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Miscellaneous Posts by UncleRob

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Old Ditch Longbarrow (Long Barrow)

I have been reading David Field's wonderful book "Earthen long Barrows" recently, which has much to say about Old Ditch. This is one of a group of long mounds around the source of the river Till. Excavated by William Cunnington on one of his early digs in 1802, apparently by putting an unsympathetic trench longitudinally along the mound, ending 26m from the east end (I suppose the significance of the eastern end had not been discovered yet). A layer of decayed turf extended out from a central mound of it, leading him to make possibly the earliest suggestion of a pre-existing circular mound later replaced by the long 'un. Three skeletons laid out in an H shape on a pavement of flints at the west (?) end confused him as he had assumed a big barrow meant lots of dead folk, probably from a battle. But there was a large number of bird bones placed in there too

More intriguing to me is the classic shallow pit covered by the mound, 90cm x 50cm and 75cm deep, "cut with such exactness in the solid marl as though it had been done by a chisel" according to Cunnington. Characteristically, there was nothing in there...

Later, John Thurnam came by and thought it might be worth having a peek in the east end and found a cairn of flints covering another pavement of them, on which remains of one individual had evidently been cremated then covered up. How long between this cairn and the long mound is a mystery.

There were later two Bronze Age cremations placed near the surface of the mound in a shallow cist. One was examined by Cunnington but the first had been scattered by the excavators before he could get to it. No respect.

And apparently this is the only rectangular long barrow on Salisbury Plain. Years of maths classes have knocked any excitement that might hold out of me...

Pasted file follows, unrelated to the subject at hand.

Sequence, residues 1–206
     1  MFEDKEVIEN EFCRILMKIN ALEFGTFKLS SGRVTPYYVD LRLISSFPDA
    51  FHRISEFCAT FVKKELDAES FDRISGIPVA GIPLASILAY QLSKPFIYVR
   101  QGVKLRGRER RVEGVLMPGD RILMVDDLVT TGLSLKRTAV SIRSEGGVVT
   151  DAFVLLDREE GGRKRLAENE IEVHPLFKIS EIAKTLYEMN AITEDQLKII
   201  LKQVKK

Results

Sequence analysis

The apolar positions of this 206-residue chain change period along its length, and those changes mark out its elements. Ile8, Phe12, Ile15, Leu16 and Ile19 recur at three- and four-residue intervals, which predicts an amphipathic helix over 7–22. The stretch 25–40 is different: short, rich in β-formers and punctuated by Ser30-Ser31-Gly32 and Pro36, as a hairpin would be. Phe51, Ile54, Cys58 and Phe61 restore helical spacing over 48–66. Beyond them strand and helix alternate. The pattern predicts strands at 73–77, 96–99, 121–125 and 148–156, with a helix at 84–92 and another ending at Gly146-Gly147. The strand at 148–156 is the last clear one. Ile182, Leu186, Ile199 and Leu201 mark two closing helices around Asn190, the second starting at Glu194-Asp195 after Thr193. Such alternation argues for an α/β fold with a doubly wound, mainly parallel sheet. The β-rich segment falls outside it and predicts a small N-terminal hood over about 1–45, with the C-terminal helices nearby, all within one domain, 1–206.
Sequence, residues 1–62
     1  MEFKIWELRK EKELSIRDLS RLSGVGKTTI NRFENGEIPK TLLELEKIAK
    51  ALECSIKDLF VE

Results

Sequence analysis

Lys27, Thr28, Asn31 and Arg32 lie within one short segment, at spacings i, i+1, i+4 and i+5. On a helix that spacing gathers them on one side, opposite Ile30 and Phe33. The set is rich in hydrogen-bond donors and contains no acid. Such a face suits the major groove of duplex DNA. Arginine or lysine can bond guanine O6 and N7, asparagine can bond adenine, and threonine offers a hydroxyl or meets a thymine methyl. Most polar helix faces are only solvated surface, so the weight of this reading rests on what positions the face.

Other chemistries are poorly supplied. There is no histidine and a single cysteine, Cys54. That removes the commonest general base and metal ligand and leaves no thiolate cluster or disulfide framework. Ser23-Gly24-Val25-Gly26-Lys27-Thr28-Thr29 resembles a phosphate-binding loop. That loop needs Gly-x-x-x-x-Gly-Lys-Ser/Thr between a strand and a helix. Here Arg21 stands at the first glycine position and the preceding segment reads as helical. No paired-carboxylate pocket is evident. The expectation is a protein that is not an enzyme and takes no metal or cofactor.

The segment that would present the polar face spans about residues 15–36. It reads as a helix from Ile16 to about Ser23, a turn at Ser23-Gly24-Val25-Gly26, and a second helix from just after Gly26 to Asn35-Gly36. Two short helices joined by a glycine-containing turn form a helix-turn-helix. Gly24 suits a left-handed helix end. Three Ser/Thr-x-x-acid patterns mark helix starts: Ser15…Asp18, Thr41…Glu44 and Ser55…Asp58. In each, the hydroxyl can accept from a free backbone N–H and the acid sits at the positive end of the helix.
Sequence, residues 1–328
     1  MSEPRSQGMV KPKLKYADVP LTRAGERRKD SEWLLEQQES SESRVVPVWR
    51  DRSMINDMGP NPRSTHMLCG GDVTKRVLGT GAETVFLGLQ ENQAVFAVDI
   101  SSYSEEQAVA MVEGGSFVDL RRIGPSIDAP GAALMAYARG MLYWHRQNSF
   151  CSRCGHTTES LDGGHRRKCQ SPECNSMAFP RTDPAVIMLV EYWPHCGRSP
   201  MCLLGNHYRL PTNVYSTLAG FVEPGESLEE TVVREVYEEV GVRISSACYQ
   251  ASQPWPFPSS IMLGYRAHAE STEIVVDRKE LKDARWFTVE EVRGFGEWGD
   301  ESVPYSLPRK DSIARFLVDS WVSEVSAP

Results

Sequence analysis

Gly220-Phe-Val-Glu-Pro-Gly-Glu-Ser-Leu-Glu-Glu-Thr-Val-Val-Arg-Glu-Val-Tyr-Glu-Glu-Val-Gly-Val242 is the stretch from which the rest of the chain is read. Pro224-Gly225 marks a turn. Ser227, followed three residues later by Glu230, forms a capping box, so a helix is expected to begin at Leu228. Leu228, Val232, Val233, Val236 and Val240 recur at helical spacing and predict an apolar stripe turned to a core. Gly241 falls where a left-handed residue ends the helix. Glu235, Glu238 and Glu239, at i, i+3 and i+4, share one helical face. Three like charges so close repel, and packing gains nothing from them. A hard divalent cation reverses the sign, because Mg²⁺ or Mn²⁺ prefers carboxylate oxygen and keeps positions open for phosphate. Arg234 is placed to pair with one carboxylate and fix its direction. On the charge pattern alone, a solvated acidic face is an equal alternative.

Crawley Clump West Barrows (Round Barrow(s))

Now I don't know which of the Crawley parish barrows this refers to, but...
LV Grinsell, "Dorset Barrows" 1959 p. 68, under "Use as repositories for votive offerings and concealment of hoards": "...a find of a small hoard of Iron Age currency-bars has been reported from a barrow near Crawley, not far from Winchester (Hants)."

Swallowhead Springs (Sacred Well)

The higher land to the south-west of here is the point where the main watersheds of England meet, which is to say that water poured on the ground will flow equally into the Irish Sea, English Channel and North Sea. Could this have been known in antiquity? I don't see why not as knowing the geography of Great Britain, albeit handed down orally, would be pretty important. It makes Swallowhead springs all the more significant as one of the first points where water appears flowing off from the "roof of England". (I borrow the phrase from Ken Clifford, who stirred four of us up into taking a holiday there in 2000 to find the "roof" - there isn't an exact spot - but it is a great excuse to spend some time larking about in this wonderful part of the country).
Twice and future Wintonian

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